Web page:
Bachelors of Arts


About the Major

Linguists approach the study of language as a cognitive science from a variety of perspectives: biological, computational, educational, experimental, socio-cultural, and theoretical, among others.

This interdisciplinary approach is not only essential to a comprehensive understanding of language, but means that students may choose from a number of different sub-fields on which to focus during their undergraduate career, for example: 

  • phonetics (the study of speech sounds)
  • syntax (the study of sentence structure)
  • psycholinguistics (how language is learned and processed in the brain)
  • computational linguistics (language and computers)
  • language revitalization (the preservation and maintenance of indigenous languages)
  • sociolinguistics (the study of language in society)

Degree Requirements

Students must complete the General Education and other degree requirements applicable to the College of Social and Behavioral Sciences and an additional 36 or 39 units of major coursework depending on the year admitted (admit terms Fall 2022 and later require 39 units). Consult our online program guide for more information about the degree and courses.

Core I (15-18 units)

The remaining Core I courses should be taken after LING 201 with the exception of LING 320, which does not have LING 201 as a prerequisite. If you want to know where to start, start with LING/PSY 201 (in-person or online).

      Fundamentals of linguistics; phonetics, phonology, morphology, syntax, semantics and language acquisition; provides basis for further study in the field.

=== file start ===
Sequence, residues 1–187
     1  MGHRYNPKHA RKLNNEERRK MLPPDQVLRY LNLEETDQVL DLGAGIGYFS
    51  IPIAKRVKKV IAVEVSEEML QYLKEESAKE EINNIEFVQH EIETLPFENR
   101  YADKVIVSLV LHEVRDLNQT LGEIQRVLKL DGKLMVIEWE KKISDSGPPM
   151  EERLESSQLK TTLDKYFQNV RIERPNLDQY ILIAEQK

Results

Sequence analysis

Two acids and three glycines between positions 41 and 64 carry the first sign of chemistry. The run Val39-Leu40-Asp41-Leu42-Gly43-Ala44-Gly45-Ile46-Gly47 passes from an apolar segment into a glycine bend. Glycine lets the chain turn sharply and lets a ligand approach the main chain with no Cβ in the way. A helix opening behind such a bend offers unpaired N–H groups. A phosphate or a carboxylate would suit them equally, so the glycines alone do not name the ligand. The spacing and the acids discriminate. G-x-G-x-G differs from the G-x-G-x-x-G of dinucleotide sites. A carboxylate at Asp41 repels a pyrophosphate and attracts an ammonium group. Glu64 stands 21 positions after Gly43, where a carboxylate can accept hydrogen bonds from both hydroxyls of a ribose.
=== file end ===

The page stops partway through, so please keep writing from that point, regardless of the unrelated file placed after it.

The remaining Core I courses should be taken after LING 201 with the exception LING 320. We recommend that students take no more than two Core I courses at the same time starting with LING 300 and LING 314.

      Fundamentals of syntactic analysis. Central notions of generative grammar. Aspects of the structure of English and other languages.
      Students in this course will become familiar with the latest developments in phonetic science. They will become familiar with the International Phonetic Alphabet, and at the end of the course they will be able to write with a high degree of confidence any English word or phrase. They will learn about the prosodic properties of English that play a crucial role in determining the phonetic structure of English. There is also a serious laboratory component of this course and students will carry out sophisticated instrumental experiments that bear on current issues in phonetic theory.
      Considers the sound structure of a wide variety of human languages, with the aim of finding principles that describe in an insightful way the properties of their sounds and sound patterns. In addition the course will introduce the student to the higher level organizational principles governing the combinations of sounds into morphemes, words, and phrases.